She's my 'first' love

She's my 'first' love

Unlike Mr Wong, who is now trying to rebuild his life with his family, this hawker is looking forward to his new life.

One that has given him renewed vigour, he insists. One that is built on love, not lust nor money.

When approached, Mr Liu Zengfai, who sells fishball noodles at a food centre in Jurong, refused to speak to us. He claims that he is a "very private man" and "does not like kaypohs prying into his life".

That is, until the new woman in his life says: "Go ahead, tell her our love story. Otherwise those people who don't know how to mind their own business will say, 'See, they are scared of the scandal,' when there isn't any."

But first, Madam Sun Lili, 38, who is from Shanghai, asks: "How did you get to know about us?"

When told that it was a reader of The New Paper on Sunday who had tipped us off, she says loudly: "It must be one of those 'duo guan xian shi de ren' (busybody in Mandarin) here. "But never mind, my 'ai ren' (lover) will talk to you."

Mr Liu, 59, has filed for divorce from his wife of 30 years, and hopes to hold a wedding ceremony in Madam Sun's hometown when the proceedings are finalised. Mr Liu and his wife, also 59, had a son who was killed in a traffic accident several years ago. He says: "I know my neighbours here (the other stallholders) think that I am a fool or feel that I have wronged my wife.

"But after our son died, we lived together out of routine and not because of love. And our marriage was matchmade."

Which is why, he says, Madam Sun is his first love. They had met soon after she came to Singapore with her son, who is in secondary school. The mother and son were regular customers. He says: "I was attracted to Lili right from the start. I felt that she was someone I had known maybe from my previous life."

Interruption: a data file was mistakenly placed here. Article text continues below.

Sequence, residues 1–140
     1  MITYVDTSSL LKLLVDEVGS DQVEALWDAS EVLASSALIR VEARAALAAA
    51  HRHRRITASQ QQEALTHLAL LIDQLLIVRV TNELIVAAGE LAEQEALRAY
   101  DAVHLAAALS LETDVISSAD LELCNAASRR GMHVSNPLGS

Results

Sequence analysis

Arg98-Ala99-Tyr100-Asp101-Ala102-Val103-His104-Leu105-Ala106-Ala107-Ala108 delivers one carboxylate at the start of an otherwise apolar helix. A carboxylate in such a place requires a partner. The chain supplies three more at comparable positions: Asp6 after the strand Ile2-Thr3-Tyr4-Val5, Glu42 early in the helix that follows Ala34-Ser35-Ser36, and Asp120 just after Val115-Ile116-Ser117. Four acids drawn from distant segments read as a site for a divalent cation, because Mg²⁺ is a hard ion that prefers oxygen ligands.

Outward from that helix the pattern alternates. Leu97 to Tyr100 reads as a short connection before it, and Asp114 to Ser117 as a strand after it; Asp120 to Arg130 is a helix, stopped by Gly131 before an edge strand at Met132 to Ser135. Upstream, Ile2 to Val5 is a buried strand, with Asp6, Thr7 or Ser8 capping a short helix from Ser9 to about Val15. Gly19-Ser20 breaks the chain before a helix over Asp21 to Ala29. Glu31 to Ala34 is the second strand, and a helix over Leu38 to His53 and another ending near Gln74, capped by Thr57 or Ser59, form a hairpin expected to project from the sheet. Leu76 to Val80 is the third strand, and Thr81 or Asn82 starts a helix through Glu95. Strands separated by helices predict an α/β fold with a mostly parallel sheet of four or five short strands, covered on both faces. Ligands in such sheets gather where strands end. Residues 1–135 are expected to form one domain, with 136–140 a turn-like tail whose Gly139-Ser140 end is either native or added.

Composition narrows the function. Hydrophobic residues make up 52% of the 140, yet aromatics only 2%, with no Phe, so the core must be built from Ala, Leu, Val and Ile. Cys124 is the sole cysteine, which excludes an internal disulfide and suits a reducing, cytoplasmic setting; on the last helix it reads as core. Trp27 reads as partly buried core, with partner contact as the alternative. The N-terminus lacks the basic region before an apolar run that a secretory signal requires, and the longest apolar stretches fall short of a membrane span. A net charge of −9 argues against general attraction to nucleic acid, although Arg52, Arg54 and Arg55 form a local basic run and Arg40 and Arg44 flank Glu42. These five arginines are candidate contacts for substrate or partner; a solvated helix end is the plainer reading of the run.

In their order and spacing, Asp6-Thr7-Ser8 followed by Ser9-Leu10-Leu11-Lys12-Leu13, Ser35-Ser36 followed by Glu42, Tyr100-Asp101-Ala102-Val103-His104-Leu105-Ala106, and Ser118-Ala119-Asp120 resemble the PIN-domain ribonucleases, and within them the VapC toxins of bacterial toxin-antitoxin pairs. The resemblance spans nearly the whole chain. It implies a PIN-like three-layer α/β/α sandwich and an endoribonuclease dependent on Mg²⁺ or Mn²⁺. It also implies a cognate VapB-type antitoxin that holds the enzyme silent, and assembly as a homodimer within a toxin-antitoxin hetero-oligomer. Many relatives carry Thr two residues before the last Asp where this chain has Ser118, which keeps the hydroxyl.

Madam Sun declines to be interviewed.

She says: "I am just an innocent party who was wooed by a man madly in love with me. So, he is the best person to tell you our love story."

She hovered near Mr Liu during the interview, and would often stroke his shoulders lovingly in an open display of affection - which he admittedly appreciates. He says: "This woman loves me, an old man, and is not afraid to show it even though she knows that the people here condemn her.

"Sometimes, I feel very sorry that my lover has to suffer just because of the prejudice that Singaporeans have against Chinese study mamas." Mr Liu refuses to share details of how he courted Madam Sun because "I don't think it is anyone's business".

His wife could not be reached for comment.

A sugarcane juice seller at the same food centre says that Mr Liu's wife did not seem too shocked when she learnt of the clandestine relationship from another hawker. She says: "Many of us here feel sorry for her, especially since we have heard that all she has is an old auntie who lives in a home for the aged. But this is their 'jia shi' (family affair) and no one can intervene."

Mr Liu confirms that his wife's parents have died and she has no siblings.

He insists that his wife will be well provided for after the divorce.

"I know her pride will prevent her from asking me for any help, but I have told her that Lili and I will always be around for her if she should need us," he says. "But I cannot stay married to her just because I feel sorry for her. Lili has taught me to view life in a different light, to enjoy it while we are still able.

"After we marry, her son will take my surname. She has also promised me that she'll try to bear another child of our own. "She has not asked me for anything and she has not stopped me from wanting to provide for my wife.

"She is different from other study mamas."

This article was first published on September 07, 2014.
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